Posted on November 2, 2016 in Wellness
Diabetes, like cancer, is one of the leading causes of deaths all over the world. According to the World Health Organization, the number of people with diabetes has increased from 108 million in 1988 to 422 million in 2014. The prevalence of diabetes has rapidly increased in middle-low income families. Moreover, the biggest irony is the fact that there are about 800 million chronically hungry people all over the world, yet about 70% of the world’s adult population is either obese or overweight. (Source: http://www.who.int/mediacentre/factsheets/fs312/en/)
Health Problem in the Modern World
It is only in the late 20th century that the concerns in dietary issues in developing countries have shifted from undernutrition particularly anemia and stunting to obesity. This dramatic change in a matter of decades does not only affect affluent societies, but low-and-middle income countries as well.
Based on reports, adiposity cases or those who are severely or morbidly overweight, are increasing everywhere. What’s interesting, however, is that the epidemiology differs based on when the obesity epidemic started.
For example, in North America and Europe, the highest cases of obesity are prevalent among people who belong to the lower-income groups. Usually, these people live in urban areas where fast food outlets are common.
On the other hand, the Asia-Pacific region first saw obesity cases among wealthy urban people. Eventually, the spread reached the urban slums and impoverished rural areas. The same pattern is being observed among rapidly developing countries. What’s alarming is that undernutrition and obesity can occur at the same time in the same state, same neighborhood, and even in the same household.
How does this affect you personally?
The increase of overweight cases in a populace is lifestyle related. It is a chronic disease that contributes to cardiovascular problems and certain types of cancer. On top of this, diabetes comes with complications such as need for dialysis, amputations, and even blindness.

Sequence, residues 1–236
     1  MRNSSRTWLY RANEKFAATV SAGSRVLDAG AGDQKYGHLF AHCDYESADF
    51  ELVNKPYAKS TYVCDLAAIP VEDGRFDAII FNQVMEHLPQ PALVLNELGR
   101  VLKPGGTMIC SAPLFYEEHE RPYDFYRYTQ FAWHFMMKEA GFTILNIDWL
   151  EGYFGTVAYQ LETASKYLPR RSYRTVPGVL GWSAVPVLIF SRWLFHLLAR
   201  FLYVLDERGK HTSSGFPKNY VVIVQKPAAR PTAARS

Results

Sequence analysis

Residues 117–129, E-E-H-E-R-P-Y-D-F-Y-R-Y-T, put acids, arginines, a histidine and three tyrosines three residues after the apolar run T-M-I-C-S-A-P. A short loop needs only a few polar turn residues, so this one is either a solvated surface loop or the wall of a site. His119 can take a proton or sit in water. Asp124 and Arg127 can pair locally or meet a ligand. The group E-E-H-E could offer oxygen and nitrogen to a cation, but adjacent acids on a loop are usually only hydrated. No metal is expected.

It affects you personally because for the first time in history, economic growth which is supposed to be linked to better health outcomes, has in fact created a market of unhealthy foods and sedentary lifestyle.
It is the biggest health epidemic of the 21st century and, despite multiple efforts, no country has ever successfully managed this problem. In fact, figures from World Health Organization show an increase in the global prevalence of diabetes in the adult population.
This means you and your loved ones are as vulnerable as anyone to this disease. There are ways to manage diabetes and the best way to control it is to start with yourself.
Know that diabetes, especially if detected earlier, can be successfully managed. But before you do this, you need to know the disease first.
A person has diabetes when the pancreas fails to produce or effectively use insulin, a hormone that our body uses to regulate sugar. If diabetes remains uncontrolled, a condition known as hyperglycaemia occurs. If untreated, this condition can lead to serious damage in the system as well as the blood vessels and nerves.
To avoid diabetes, you will need to have a healthy body weight and be able to maintain it. This is done through continuous physical activities, cutting tobacco use, and eating healthy. As mentioned in the statistics earlier, the proliferation of fast food joints among communities has aligned with the increase of obesity cases in the same community.
This means avoid eating fast food like a plague. Instead, put effort into the food that you eat. Choose fruits and vegetables instead of burger and fries. At the same time, find physical activities that you enjoy. You will notice how eating healthy and maintaining an active lifestyle can affect your mood, self-esteem, productivity, and overall outlook in life.
Diabetes has become an epidemic due to lack of foresight. Many people live in autopilot while embracing all the convenience that modern life has to offer. You only live once. Own your power to be healthy and do not be a part of the diabetes epidemic.